SBJ/October 24 - 30, 2005/Media

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  • ABC/ESPN stalks Cup sans SUM

    ABC Sports and ESPN are preparing an $80 million bid for rights to the FIFA World Cup without incumbent U.S. rights holder Soccer United Marketing, a response to FIFA’s desire to work with a media company rather than go through a third-party broker.

    SUM, an arm of Major League Soccer, had submitted a bid for English-language rights this summer, but FIFA reached out to U.S. television networks in recent weeks indicating that it planned to grant the rights to one of them directly.

    That prompted ABC/ESPN to make its own offer. The company had licensed World Cup rights from SUM for 2002 through 2006 via a time buy.

    Objections were raised regarding how moving rights to NBC and Telemundo would affect the growth of pro soccer in the United States.
    NBC Universal, Fox and Univision are also suitors for a FIFA rights package that would run through 2014 and include two men’s and two women’s World Cup events.

    Representatives of ABC/ESPN and Fox were in Zurich, Switzerland, last week, making presentations to FIFA. Final bids with firm dollar amounts will be submitted Wednesday, said people involved in the talks.

    This is a second round of bidding. NBC Universal submitted a bid during the summer, as did SUM and Spanish-language incumbent Univision, which paid $150 million for the World Cup rights for 2002-06.

    In September, FIFA’s Marketing and Television Division recommended accepting the offer from NBC Universal, which sources said was worth more than $300 million for English- and Spanish-language rights.

    It was expected to be voted on and approved at the FIFA Congress in Marrakesh, Morocco, on Sept. 11-12. But objections were raised regarding how moving rights to NBC and its Spanish-language subsidiary, Telemundo, would affect the growth of soccer, and particularly professional soccer, in the United States. MLS’s future television contracts had not yet been secured and awarding FIFA rights without any involvement by MLS could imperil the league’s future. MLS games have been shown on ABC and ESPN since the league’s inception in 1996, and some also appear on Fox Soccer Channel, through deals that expire at the end of next season.

    FIFA then put the process on hold and later began soliciting bids from other U.S. media companies. Once it became clear that FIFA preferred to do a deal directly with a network, MLS and SUM began talking to ESPN and Fox about a separate arrangement that will include an MLS television deal as well as guarantees of cross-promotion through the World Cup telecasts.

    Anschutz Entertainment Group President Tim Leiweke, whose company owns four MLS teams and has invested in the construction of multiple soccer stadiums, said he and MLS remain involved in the World Cup bidding process.

    “I’ve been in meetings with [FIFA President] Sepp [Blatter] and Phillip Anschutz, and we continue to work with FIFA on the World Cup bid,” Leiweke said. “The World Cup deal is going to be with a network, probably not with SUM, but when it’s all said and done we’re very supportive of that.”

    SUM was created in early 2002 when all the major U.S. television networks passed on bidding on FIFA World Cup rights and MLS’s investors were concerned that the World Cup, the ultimate showcase for their sport, would not receive adequate television exposure. They also wanted to promote the professional league and the sport in general as one seamless entity. So MLS’s investors agreed to fund a subsidiary that would pay a $40 million rights fee and handle all ad sales and production costs for FIFA events through 2006, including two men’s and one women’s World Cup. SUM then bought time for the telecasts on ABC and ESPN.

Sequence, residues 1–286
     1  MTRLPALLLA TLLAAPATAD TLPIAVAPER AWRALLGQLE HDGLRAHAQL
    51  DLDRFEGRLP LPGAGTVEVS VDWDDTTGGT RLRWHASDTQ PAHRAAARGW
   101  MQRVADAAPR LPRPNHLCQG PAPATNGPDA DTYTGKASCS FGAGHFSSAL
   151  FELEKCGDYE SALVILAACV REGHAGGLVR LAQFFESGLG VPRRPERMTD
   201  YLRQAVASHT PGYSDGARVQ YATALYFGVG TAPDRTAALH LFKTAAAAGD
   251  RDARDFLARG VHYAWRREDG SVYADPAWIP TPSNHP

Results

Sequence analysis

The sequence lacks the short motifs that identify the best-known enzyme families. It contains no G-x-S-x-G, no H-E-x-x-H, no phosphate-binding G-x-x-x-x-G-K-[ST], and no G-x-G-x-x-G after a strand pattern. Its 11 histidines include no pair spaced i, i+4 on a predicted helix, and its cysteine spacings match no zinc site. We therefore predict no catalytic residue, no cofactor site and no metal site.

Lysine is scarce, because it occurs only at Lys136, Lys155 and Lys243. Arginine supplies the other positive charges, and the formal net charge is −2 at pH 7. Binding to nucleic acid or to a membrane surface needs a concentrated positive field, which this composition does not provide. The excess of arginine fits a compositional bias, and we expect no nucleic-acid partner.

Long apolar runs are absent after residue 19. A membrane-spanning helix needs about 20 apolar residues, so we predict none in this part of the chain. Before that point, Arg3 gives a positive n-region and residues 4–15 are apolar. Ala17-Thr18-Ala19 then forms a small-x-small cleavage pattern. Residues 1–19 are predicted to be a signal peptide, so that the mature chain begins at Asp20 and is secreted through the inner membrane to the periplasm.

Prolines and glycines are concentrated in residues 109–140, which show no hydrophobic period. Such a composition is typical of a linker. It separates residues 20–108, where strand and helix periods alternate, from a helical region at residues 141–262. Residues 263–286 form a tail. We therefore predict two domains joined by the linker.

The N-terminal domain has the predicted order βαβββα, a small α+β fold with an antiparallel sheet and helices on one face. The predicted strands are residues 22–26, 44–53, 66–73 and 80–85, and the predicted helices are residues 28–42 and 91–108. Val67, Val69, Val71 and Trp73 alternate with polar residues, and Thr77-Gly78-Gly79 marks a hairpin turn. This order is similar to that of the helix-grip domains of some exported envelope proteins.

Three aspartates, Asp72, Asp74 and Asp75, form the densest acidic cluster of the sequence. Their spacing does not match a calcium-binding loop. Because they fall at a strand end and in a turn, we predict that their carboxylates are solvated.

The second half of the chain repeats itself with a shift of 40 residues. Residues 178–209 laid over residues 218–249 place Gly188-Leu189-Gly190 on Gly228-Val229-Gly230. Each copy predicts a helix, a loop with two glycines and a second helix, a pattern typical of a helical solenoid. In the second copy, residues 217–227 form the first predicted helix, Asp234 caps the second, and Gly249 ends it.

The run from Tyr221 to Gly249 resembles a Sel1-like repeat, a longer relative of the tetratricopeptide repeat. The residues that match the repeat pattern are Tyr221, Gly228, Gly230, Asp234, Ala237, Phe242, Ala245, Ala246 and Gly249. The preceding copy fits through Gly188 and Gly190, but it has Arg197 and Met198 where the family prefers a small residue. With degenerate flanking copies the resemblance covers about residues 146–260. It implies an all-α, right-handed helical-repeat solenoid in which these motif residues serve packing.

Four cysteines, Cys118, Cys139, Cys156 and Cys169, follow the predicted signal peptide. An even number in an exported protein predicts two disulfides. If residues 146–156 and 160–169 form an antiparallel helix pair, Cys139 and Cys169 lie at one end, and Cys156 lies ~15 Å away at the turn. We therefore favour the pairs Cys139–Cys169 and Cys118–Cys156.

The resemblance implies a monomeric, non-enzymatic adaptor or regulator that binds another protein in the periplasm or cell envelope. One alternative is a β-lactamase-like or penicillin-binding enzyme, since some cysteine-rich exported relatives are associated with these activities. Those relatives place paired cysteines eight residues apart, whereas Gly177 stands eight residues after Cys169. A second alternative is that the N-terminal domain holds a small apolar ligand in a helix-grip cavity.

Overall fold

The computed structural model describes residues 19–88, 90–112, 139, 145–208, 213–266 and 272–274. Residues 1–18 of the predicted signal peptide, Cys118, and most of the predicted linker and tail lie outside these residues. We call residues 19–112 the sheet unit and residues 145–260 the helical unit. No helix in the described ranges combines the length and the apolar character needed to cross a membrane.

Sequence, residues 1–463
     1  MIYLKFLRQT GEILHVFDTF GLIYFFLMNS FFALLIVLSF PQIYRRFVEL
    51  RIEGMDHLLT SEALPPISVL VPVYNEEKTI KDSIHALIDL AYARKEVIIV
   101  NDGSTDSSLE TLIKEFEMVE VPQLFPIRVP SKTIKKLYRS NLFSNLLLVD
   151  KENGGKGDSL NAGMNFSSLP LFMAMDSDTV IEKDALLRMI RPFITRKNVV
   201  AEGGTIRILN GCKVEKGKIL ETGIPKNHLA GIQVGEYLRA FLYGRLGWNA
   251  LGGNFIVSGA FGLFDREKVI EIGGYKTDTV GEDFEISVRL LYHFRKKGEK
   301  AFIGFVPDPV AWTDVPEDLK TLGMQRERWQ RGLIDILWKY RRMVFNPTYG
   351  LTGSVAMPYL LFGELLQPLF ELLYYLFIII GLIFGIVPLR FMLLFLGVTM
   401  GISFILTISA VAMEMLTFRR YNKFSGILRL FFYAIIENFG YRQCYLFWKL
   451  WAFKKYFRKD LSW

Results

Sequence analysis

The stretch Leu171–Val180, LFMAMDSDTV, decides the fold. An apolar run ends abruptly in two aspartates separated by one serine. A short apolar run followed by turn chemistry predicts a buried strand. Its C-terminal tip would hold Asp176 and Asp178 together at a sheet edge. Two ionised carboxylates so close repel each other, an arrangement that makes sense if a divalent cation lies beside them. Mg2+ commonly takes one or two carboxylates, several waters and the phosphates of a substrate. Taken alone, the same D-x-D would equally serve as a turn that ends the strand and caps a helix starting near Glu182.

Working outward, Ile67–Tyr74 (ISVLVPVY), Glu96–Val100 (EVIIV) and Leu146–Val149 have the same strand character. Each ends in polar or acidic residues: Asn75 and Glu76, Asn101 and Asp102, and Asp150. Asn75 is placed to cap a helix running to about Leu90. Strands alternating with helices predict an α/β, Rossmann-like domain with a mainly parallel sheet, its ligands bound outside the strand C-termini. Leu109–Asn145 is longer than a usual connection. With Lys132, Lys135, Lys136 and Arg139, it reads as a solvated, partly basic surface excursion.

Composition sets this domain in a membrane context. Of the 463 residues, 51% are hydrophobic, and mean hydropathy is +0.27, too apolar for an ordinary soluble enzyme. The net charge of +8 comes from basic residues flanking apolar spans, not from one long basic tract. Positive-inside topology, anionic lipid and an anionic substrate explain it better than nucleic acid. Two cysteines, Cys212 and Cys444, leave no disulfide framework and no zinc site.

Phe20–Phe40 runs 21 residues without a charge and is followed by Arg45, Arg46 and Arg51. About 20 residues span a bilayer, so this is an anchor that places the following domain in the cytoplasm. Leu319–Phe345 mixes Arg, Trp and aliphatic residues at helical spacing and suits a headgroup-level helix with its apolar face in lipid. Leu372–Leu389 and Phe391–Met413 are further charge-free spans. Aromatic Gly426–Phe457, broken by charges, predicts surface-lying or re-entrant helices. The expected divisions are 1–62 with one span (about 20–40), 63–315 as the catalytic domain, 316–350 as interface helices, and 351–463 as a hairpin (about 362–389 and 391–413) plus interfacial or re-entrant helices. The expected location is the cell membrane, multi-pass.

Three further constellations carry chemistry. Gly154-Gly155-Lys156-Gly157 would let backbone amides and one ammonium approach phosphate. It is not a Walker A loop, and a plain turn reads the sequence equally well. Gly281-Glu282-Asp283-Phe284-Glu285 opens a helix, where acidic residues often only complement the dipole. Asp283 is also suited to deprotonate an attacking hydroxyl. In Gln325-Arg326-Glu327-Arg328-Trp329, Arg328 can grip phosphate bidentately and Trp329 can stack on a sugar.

“We stepped in and did World Cup a favor last time,” Leiweke said. “We’re not going to have to do it this time.”

    The fact that four media companies are now bidding on World Cup rights means at least part of MLS’s goals have been accomplished, but MLS wants to make sure that its league and the sport as a whole are marketed as one with the World Cup, something MLS Commissioner Don Garber said is essential for future growth.

    “Our approach is to find a scenario to integrate all the properties and the entire sport of soccer,” Garber said. “Whether that had to come from a bid through Soccer United Marketing or a relationship we would have through a broadcaster … either approach is good for us.”

    The growth of the Hispanic market along with acquisitions by major media companies have made FIFA a highly valued strategic property. NBC paid $2 billion in stock and assumed debt for Telemundo in 2002, and World Cup rights would bring credibility and guaranteed viewers to the Spanish network, which is outpaced in ratings by rival Univision by a 4-1 margin.

    Fox will bid on English rights only, sources say, with a heavy focus on its newly rebranded Fox Soccer Channel. Games also would appear on the Fox Broadcast Network and other cable platforms, possibly with pay-per-view or subscription elements offered on cable and the Fox-owned DirecTV.

    All of the bidders also have an eye on multimedia rights, including broadband and mobile, platforms that have sizable market value when looking at deals that stretch into the next decade.